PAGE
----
It is this last point -- the IIA link -- that is the most telling of what the future may hold. Internal auditors are the folks who check to make sure that the adults in charge (a.k.a., the business managers) are not running amok. With few exceptions, they have done an excellent job, but even rare lapses quickly trigger corrective action on the part of Congress (e.g., the Sarbanes-Oxley Act of 2002 or SOX). Internal auditors report up through boards of directors; they have clout. In fact, they have "a seat at the table," something that EHS professionals have longed for since Robert Shelton wrote "Hitting the Green Wall" in 1994.1

What I found fascinating at the recent Auditing Roundtable winter meeting was the integration of the language of EHS and social responsibility with the processes used by business financial auditors. For example, the Committee of Sponsoring Organizations of the Treadway Commission (COSO), enterprise risk management (ERM), and integration of Six Sigma methodologies into EHS practice were all discussed. This is about business continuity, governance, efficiency, and competitive positioning.

I see the beginnings of the audit profession thinking along lines akin to business risk and opportunity vis-à-vis EHS and social responsibility. The profession will, however, fail to reach its full potential if it interprets SOX to just mean doing an excellent job at the first three familiar levels instead of recognizing that there is a new level emerging. Since this level is not yet here, let's call it enterprise auditing.

Enterprise auditing is all about understanding embryonic EHS and social responsibility issues and then placing them in the context of evolving business dynamics and strategic planning for the corporation. Jill and Bob cannot do this with a computerized checklist. Even mainstream internal auditors cannot do this synthesis because they are unfamiliar with emerging EHS and social responsibility dynamics. BP's "Beyond Petroleum" and GE's "EcoInnovation" were not found on a checklist, but they required such an understanding.

Lawyers probably will not help in the transition to level four because they get fixated at the first two levels -- Compliance and Risk. For example, although I have not called it enterprise auditing, that is what I have been providing clients for the past five years. The reports I write are, in essence, a business analysis, unlike the typical neutral, factual, "regulation-status-gap" reports that auditors usually produce. Opinions and speculation are verboten in that narrow arena.

I always warn clients to do these investigations under attorney-client privilege. Since many companies are quite comfortable that any significant issues would already have been discovered by their internal audit procedures, they sometimes fail to see the need; that is, until they read the draft report.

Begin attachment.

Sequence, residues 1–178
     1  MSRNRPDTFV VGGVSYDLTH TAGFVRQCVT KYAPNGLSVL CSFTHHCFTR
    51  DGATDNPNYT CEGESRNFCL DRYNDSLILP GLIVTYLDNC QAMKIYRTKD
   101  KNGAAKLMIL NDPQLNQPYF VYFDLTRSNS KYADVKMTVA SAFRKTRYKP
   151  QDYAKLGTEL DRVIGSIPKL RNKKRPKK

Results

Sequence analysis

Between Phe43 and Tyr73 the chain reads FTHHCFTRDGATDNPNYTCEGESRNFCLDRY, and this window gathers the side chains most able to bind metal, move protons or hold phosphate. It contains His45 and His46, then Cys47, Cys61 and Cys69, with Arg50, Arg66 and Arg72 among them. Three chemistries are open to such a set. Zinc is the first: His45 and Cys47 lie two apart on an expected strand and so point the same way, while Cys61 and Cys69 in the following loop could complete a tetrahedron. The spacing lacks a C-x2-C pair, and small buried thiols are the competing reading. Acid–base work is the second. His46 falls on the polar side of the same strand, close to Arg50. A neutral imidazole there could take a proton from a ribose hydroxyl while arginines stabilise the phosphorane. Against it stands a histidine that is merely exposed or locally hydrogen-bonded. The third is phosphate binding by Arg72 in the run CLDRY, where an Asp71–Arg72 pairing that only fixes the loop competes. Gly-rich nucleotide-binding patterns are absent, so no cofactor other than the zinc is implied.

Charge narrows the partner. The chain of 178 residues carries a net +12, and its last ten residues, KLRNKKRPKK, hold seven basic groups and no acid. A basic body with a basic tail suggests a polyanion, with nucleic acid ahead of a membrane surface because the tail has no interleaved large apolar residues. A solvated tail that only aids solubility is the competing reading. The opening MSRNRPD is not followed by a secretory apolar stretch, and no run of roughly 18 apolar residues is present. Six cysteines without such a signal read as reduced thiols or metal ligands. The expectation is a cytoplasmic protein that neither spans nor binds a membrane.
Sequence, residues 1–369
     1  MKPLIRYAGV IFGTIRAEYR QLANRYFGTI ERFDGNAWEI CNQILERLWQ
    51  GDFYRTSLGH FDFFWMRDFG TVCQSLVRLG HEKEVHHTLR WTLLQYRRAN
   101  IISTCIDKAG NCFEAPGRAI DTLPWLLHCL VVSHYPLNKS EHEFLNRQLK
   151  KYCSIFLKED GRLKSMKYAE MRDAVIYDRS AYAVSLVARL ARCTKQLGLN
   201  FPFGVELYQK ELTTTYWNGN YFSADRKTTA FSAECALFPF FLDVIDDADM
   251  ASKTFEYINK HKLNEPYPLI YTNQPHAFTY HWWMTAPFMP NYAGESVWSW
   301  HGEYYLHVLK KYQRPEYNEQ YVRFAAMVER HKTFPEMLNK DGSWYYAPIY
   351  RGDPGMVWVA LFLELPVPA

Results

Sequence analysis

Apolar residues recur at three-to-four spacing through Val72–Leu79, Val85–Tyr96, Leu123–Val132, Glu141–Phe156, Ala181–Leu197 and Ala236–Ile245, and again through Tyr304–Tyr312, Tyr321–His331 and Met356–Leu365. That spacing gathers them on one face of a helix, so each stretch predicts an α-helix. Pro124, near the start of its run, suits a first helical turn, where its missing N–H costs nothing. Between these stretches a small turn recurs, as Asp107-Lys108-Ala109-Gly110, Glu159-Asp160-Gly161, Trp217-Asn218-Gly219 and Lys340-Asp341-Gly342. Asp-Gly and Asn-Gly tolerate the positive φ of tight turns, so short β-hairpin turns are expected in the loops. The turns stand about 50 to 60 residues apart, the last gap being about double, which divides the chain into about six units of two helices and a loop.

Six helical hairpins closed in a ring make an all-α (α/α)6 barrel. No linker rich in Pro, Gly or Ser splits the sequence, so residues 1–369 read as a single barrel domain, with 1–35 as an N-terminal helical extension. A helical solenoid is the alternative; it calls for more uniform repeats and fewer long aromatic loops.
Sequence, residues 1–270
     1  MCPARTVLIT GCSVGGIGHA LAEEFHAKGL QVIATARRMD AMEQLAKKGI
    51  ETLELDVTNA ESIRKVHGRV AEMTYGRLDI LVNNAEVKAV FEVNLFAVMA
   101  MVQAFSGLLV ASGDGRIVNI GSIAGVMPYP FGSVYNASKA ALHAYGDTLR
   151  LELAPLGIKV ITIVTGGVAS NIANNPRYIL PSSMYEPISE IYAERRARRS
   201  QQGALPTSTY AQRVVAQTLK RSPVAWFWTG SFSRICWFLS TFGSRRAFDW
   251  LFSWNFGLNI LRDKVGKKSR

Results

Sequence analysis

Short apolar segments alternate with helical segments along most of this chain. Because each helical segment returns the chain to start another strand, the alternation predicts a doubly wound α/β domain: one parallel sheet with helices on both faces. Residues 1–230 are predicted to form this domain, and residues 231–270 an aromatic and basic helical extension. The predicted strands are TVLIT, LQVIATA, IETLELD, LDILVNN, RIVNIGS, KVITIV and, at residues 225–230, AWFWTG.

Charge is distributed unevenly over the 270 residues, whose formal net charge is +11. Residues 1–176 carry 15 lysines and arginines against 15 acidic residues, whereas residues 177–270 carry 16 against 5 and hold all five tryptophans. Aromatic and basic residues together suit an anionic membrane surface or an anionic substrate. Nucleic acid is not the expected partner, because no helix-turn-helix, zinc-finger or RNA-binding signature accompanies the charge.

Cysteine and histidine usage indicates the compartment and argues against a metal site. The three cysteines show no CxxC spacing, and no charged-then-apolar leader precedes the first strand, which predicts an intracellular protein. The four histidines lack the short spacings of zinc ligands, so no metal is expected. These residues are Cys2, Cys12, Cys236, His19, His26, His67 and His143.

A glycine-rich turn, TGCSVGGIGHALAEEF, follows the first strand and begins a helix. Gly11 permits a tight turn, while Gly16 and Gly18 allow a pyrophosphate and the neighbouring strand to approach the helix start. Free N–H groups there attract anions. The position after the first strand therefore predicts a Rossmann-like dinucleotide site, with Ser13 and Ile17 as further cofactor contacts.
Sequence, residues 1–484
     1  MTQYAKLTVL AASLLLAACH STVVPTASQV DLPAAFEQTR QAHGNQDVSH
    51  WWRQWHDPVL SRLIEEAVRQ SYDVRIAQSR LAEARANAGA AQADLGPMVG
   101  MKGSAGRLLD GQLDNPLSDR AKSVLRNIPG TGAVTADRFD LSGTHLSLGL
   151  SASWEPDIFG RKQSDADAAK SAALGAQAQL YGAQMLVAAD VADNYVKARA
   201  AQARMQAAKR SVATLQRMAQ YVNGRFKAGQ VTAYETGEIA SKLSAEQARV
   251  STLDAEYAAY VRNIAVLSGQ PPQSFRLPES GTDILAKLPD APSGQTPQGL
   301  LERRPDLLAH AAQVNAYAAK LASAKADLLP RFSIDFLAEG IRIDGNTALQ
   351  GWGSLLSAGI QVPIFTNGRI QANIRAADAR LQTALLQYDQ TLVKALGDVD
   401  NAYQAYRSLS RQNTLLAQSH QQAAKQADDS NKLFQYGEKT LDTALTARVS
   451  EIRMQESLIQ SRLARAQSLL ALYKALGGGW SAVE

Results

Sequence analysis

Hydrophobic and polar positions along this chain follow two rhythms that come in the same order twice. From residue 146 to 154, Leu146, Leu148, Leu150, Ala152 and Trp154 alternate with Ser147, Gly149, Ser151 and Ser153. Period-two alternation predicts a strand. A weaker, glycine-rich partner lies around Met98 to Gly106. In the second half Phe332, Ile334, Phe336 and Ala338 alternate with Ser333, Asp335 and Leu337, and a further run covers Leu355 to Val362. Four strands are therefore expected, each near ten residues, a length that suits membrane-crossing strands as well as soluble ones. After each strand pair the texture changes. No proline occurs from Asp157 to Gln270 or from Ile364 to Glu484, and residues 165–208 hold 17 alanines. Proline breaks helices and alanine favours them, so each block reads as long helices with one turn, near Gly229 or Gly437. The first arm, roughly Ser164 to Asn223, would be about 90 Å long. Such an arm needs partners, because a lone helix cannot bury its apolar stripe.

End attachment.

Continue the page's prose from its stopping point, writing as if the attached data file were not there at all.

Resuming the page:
On a number of occasions, I have described potential issues that could have not just an economic impact, but a material effect on the company in the context of SEC disclosure requirements. I recall an internal company lawyer several years ago being taken aback because he was expecting the usual findings that can be linked to specific regulatory citations and direct observations. My report covered emerging business issues that he could not dispute nor reject out of hand. And while he recognized the relevance to the company, he sure felt uncomfortable being drawn outside his usual territory of laws and regulations.

Conclusions
There are still some companies who do not see the need for any EHS and social responsibility audits -- internal or external. I kid you not. There are, however, some companies that are starting to notice a new direction and emphasis. These are potentially exciting times for auditors that rise to the occasion -- and I'm not just talking about the addition of security auditing to the portfolio under risk auditing. For example, I know of a dozen companies that have already shifted their EHS and social responsibility auditors to within their internal, business audit function. This could result in both positive and negative outcomes, the subject of which would require another "Manager's Notebook." Regardless, it is an indicator of change.

In the final analysis, auditing is all about keeping one step ahead of the next liability issue or competitive opportunity, or as Joseph Cotier, president of The Auditing Roundtable, states, "Part of the business of auditing is adapting to change. One of the missions of The Auditing Roundtable is to identify where changes will occur and help our members to be more prepared for those changes."2

References

  1. Robert Shelton, "Hitting the Green Wall: Why Corporate Programs Get Stalled," Corporate Environmental Strategy, Vol. 3, No. 2., pp. 5-12. www.cesjournal.com
  2. Personal communication 2/2/06.

This article originally appeared in the 04/01/2006 issue of Environmental Protection.